Queen's Speech to include legislation on 24-hour pubs

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Indy Politics

Legislation to reform Britain's antiquated licensing laws and introduce all-night drinking are to be included in the next Queen's Speech.

Legislation to reform Britain's antiquated licensing laws and introduce all-night drinking are to be included in the next Queen's Speech.

A Licensing Bill to implement proposals in last year's White Paper on reform will be introduced in the next session of parliament. Ministers believe the success of the relaxation in licensing laws at New Year, which resulted in a drop in drink-related trouble, has helped make the case for reform.

Changes to licensing laws were included in Labour's general election manifesto, and were promised in text messages to thousands of first-time voters before last year's poll.

Messages reminded young Labour supporters to tell their friends: "give us ur xxxx on thrsdy. vote for schs, hsptls and lngr licensing hrs. vote labour" or "cdnt give a xxxx 4 lst ordrs? vote labour on thrsdy 4 xtra time".

But ministers were criticised when the measure did not appear in the Queen's Speech last year, amid claims that ministers had misled young voters. The Department for Culture, Media and Sport has now won a slot for legislation in the next session of Parliament.

A consultation document published last year proposed a single system of licences for selling alcohol, food and entertainment, with each including conditions on hours, noise limits and capacity.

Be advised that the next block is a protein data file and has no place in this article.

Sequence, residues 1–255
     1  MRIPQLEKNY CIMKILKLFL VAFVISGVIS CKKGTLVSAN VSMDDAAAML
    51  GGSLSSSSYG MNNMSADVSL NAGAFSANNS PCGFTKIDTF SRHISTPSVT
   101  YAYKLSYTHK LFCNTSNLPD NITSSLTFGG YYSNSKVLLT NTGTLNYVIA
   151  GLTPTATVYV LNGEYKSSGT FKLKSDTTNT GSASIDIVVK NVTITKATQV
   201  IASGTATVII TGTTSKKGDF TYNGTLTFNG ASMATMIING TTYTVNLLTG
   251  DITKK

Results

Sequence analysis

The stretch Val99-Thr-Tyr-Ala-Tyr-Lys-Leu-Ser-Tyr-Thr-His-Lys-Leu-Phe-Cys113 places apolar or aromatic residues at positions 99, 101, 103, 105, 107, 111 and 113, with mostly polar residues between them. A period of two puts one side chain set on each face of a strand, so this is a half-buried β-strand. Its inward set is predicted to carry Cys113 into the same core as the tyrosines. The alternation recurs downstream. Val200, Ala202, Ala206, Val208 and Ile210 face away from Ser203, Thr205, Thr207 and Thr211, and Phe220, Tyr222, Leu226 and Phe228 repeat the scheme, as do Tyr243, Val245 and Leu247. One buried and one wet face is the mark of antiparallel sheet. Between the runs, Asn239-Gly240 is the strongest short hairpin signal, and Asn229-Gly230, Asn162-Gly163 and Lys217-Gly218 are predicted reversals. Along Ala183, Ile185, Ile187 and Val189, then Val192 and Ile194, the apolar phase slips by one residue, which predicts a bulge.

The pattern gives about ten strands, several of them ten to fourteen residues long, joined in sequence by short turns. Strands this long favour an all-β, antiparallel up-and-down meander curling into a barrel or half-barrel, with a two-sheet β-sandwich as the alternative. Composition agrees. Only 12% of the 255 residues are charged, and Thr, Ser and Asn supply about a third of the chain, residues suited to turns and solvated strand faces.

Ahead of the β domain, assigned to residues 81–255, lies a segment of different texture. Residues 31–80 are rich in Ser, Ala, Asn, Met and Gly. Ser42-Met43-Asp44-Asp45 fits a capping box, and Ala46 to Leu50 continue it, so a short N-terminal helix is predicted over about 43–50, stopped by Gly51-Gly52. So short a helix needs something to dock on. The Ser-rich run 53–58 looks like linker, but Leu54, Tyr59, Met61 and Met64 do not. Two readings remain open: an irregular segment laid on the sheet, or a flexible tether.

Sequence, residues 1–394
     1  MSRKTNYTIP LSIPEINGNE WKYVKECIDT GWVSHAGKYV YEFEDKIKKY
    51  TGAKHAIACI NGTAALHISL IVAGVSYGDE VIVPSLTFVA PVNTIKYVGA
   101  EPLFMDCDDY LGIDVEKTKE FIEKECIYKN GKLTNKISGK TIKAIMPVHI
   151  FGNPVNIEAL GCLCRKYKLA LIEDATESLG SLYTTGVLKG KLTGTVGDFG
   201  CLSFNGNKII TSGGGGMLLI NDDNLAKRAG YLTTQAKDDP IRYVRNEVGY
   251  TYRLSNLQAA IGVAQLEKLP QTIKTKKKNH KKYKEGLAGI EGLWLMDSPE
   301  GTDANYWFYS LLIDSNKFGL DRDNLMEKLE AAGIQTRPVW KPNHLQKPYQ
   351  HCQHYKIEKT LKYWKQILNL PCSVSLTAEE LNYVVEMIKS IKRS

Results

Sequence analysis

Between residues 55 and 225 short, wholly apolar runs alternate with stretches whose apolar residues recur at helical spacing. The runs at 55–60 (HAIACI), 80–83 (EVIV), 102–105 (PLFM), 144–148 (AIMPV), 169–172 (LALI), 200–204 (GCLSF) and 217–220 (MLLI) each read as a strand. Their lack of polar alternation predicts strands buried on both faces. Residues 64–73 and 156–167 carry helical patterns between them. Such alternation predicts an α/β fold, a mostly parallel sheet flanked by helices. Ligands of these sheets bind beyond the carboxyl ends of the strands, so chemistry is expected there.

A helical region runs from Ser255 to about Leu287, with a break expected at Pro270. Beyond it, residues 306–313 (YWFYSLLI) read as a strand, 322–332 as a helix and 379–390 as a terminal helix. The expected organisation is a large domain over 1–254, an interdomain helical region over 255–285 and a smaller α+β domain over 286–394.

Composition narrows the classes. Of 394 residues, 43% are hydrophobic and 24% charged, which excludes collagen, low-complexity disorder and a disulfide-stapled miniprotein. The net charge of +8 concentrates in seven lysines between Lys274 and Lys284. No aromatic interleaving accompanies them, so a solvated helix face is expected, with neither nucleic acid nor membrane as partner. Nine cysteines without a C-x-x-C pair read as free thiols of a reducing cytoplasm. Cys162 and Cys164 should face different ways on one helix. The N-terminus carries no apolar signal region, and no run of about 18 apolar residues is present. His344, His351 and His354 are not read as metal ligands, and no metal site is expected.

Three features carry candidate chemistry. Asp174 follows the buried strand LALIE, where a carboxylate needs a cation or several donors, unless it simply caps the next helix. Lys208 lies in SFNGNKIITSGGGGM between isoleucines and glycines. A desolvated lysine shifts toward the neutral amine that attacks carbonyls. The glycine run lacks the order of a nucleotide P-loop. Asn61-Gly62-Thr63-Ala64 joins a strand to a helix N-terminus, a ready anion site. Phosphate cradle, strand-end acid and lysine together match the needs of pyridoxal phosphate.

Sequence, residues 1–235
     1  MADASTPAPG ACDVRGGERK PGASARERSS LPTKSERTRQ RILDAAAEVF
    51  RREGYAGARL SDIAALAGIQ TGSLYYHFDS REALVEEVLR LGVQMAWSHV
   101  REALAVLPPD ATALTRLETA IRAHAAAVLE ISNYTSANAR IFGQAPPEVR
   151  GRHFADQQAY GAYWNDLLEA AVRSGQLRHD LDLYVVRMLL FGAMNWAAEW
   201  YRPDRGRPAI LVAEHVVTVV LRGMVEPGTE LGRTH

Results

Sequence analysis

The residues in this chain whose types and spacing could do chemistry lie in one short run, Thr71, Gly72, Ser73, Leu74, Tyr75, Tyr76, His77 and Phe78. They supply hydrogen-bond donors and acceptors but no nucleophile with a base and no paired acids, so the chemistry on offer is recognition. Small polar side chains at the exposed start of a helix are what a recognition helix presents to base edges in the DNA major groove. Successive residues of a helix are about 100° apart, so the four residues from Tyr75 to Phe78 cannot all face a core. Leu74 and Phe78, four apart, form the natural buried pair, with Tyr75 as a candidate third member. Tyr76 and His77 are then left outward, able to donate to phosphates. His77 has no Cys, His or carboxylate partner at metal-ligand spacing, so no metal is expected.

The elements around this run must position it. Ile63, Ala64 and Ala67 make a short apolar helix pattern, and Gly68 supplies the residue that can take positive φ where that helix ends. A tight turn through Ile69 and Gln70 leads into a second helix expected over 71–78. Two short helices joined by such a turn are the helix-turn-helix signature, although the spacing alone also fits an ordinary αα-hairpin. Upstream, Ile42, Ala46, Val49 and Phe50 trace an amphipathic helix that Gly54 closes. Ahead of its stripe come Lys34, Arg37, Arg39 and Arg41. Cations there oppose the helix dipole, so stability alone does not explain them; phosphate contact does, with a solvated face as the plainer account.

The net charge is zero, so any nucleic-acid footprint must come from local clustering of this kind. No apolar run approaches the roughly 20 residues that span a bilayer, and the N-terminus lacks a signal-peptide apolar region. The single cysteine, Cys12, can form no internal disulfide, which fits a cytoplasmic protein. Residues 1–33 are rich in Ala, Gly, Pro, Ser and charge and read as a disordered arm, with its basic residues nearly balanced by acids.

Flexible opening hours would do away with the current strict rules on pub opening, with pubs allowed to open 24 hours a day, seven days a week, depending on local residents.

Other proposed reforms include transferring licensing powers to local authorities, instead of magistrates and increasing access for children to encourage family-friendly pubs.

Licensed retailers and the police welcomed the proposals yesterday, arguing that more flexibility in opening hours would cut crime and reduce overcrowding in urban centres.

A spokesman for the British Beer and Pub Assocation, which has lobbied for change, said: "If the Department of Culture, Media and Sport has secured a place in the Queen's Speech then I'm sure that landlords will be raising a glass to [the government minister] Kim Howells and his colleagues."

The Association of Chief Police Officers also backed the proposal, while warning that 24-hour drinking would not be permitted at all venues.

A spokesman said: "We support the removal of the rigid permitted hours which are so clearly linked to peaks of crime and disorder."

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